This place is a kid’s dream and a dentist’s nightmare. Welch’s Chocolate Shop lures you in with the jars and jars of hard candy on display in their shop window, and keeps you there with the many different kinds of candy available on their shelves.
Welch's Chocolate Shop
European and American imported candy sits next to maple syrup candy and fake teeth made of marzipan. The kids I was with went crazy and even I couldn’t leave without buying a small bag of pear drops for myself.
One section of Welch's Chocolate Shop
Welch’s Chocolate Shop
126 Banff Avenue, Banff
(Second location in Waterton for part of the year.)
There is this teeny tiny restaurant in Banff called Chaya. Run by Japanese, they serve a small variety of ramen, rice, udon and soba dishes. The food is rather simple, but it is satisfying. Seating is limited – if the restaurant is full you will have to wait. They are open from 11:30 a.m. to 8 p.m. (although don’t quote me on that as my memory is swiss cheese and I didn’t jot it down). Menus are in both Japanese and English.
Their rice balls come with your choice of salmon, tuna or umeboshi (Japanese pickled plums). I ordered a salmon filled rice ball to try. (I’ve had umeboshi before but I think it’s one of those foods that I’d rather pass on.)
salmon rice ball
The rice is unseasoned, but the filling was actual chunks of cooked, seasoned salmon instead of just some canned fish stuffed into the rice. My only complaint was that either the rice could have used some seasoning or that it would have been nice to have more salmon included, as I found the rice to be somewhat bland on it’s own. The salmon tasted very flavourful.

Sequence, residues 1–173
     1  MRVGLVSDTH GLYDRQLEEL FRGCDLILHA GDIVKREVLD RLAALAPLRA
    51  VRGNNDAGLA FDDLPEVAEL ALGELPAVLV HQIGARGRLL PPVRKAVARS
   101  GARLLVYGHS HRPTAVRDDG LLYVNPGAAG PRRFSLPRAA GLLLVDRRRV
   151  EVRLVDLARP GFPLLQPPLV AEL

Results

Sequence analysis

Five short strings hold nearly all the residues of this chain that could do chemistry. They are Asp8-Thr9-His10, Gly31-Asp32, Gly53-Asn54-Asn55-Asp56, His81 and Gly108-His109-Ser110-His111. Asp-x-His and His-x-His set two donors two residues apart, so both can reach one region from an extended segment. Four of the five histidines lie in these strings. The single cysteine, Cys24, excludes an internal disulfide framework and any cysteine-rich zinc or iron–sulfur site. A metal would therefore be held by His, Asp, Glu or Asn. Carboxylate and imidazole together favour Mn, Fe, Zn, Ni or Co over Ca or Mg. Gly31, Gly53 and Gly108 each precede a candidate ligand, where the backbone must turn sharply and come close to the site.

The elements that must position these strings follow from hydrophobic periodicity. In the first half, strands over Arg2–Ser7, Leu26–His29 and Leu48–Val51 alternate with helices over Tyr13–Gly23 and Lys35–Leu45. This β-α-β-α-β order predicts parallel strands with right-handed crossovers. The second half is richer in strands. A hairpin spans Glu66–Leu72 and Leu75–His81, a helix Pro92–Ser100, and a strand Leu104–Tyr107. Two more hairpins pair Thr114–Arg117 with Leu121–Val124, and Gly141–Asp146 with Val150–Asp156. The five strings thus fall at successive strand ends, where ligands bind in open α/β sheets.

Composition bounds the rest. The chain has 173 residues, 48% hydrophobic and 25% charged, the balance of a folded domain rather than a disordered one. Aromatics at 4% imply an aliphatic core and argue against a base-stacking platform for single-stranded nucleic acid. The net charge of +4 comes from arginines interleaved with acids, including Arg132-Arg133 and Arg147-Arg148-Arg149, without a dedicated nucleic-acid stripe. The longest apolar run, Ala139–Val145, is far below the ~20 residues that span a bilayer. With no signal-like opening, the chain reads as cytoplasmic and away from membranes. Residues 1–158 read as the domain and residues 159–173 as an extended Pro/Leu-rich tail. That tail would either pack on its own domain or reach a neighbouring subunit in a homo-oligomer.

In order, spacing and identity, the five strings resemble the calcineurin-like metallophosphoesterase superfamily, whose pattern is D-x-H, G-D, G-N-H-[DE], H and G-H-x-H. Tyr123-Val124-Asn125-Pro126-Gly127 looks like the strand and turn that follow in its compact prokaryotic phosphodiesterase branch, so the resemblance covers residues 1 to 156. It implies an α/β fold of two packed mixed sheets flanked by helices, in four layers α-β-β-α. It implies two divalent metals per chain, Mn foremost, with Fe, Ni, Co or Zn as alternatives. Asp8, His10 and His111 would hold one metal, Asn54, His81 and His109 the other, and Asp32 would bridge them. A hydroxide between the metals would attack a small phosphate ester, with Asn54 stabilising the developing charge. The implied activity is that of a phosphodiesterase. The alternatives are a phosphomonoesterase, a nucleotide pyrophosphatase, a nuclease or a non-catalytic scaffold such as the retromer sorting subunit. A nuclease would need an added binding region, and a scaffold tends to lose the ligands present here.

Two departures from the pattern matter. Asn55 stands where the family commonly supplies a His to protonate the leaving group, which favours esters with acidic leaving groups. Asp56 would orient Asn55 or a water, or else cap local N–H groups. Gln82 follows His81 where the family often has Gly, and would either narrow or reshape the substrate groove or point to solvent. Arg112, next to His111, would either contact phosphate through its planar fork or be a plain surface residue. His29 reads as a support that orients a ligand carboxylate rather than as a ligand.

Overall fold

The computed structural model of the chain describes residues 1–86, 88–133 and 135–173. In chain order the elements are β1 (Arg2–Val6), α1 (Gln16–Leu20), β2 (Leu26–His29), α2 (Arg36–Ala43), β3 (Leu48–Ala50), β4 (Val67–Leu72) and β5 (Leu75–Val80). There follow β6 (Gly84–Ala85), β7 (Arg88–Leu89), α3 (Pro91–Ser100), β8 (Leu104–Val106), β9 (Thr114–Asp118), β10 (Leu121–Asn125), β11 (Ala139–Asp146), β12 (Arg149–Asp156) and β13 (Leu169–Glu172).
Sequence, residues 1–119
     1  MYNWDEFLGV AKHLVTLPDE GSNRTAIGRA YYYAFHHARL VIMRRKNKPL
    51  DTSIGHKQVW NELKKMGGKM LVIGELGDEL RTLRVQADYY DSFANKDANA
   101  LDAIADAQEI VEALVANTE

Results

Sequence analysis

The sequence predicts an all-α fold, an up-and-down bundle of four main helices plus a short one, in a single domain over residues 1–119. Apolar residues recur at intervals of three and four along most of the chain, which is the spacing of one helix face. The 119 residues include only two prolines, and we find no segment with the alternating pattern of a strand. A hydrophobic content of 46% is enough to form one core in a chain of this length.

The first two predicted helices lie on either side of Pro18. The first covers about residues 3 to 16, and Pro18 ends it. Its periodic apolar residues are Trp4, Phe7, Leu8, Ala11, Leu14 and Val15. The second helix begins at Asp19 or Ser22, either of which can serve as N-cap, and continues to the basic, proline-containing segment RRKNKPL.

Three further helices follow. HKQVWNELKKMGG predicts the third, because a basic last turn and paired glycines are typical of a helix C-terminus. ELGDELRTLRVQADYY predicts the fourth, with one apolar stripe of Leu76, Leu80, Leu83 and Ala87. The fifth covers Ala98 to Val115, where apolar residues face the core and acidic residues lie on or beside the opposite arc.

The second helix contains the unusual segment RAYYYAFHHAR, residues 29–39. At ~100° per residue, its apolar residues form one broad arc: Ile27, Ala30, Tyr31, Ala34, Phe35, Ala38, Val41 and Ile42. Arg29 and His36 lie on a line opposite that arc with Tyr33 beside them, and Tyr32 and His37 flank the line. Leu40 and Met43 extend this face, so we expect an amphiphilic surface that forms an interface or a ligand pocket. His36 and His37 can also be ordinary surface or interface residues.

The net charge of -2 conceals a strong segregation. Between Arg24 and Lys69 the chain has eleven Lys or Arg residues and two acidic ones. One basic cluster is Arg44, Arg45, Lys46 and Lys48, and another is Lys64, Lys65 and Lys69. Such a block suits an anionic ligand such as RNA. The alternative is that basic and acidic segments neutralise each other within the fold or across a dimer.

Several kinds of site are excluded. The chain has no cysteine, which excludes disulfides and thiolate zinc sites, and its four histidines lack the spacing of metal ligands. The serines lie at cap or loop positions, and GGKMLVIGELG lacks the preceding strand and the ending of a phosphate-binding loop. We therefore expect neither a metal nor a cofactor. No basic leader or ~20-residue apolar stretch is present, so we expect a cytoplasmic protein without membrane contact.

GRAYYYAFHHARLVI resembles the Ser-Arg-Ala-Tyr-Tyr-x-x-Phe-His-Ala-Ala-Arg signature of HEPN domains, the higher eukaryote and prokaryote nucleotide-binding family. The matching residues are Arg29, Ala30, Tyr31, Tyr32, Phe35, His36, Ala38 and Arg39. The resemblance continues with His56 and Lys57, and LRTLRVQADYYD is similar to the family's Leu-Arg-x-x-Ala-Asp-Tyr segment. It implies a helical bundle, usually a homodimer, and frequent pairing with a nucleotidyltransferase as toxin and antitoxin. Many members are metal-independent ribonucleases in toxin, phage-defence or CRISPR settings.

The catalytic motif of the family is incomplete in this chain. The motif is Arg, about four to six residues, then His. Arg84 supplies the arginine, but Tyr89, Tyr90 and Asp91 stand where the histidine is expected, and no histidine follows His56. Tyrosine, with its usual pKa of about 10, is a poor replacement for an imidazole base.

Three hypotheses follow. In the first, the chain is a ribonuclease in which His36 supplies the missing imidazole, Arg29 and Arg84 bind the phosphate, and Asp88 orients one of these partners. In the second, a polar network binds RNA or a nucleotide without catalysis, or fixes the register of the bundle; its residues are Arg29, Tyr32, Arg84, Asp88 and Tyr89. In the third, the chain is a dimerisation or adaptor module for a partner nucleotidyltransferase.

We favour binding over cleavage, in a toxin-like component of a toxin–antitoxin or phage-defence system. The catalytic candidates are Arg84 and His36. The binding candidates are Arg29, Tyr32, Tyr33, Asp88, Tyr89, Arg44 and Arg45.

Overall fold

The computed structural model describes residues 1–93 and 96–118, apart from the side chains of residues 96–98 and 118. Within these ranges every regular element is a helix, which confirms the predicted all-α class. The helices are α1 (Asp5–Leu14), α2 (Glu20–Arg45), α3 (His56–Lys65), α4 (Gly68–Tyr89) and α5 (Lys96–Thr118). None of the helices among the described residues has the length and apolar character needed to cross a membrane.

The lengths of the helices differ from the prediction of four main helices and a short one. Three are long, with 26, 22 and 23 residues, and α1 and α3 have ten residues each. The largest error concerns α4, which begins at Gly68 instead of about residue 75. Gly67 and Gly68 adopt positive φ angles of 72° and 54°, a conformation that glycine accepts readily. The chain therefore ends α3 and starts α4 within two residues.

inside of salmon rice ball
The chicken teriyaki don came with many pieces of very tender chicken, plenty of sauce, and some pickled ginger on the side. It was a very large bowl and was more than enough for one person. Could probably feed two if you only wanted a small meal.
chicken teriyaki don
Saw this trailer today and couldn’t stop thinking about ramen.
And no, this isn’t the freeze dried Mr. Noodles stuff that I’m talking about. Proper ramen is filled with rich stock, fresh veggies, and tender meat. I wish there was somewhere here that made it, but the only place I’ve had it was at this tiny little shop in Banff called Chaya. Eating real ramen was a revelation after only having ever had the freeze dried stuff (albeit they were the better tasting Chinese, Japanese and Korean kinds).
I’ve heard there are some ramen shops in Calgary, so next time I’m over there I may have to hunt some down. And Vancouver has tonnes. Other than a change of planes in the airport on my way to and back from Hong Kong, I haven’t been to Vancouver since 2005. I need a Vancouver foodie trip. 😦
Edited to add: I just realized that Mr. Noodles is a Canadian brand and that no one else might know what I’m talking about! Think Lipton instant soup mixed with instant noodles. I found a photo too.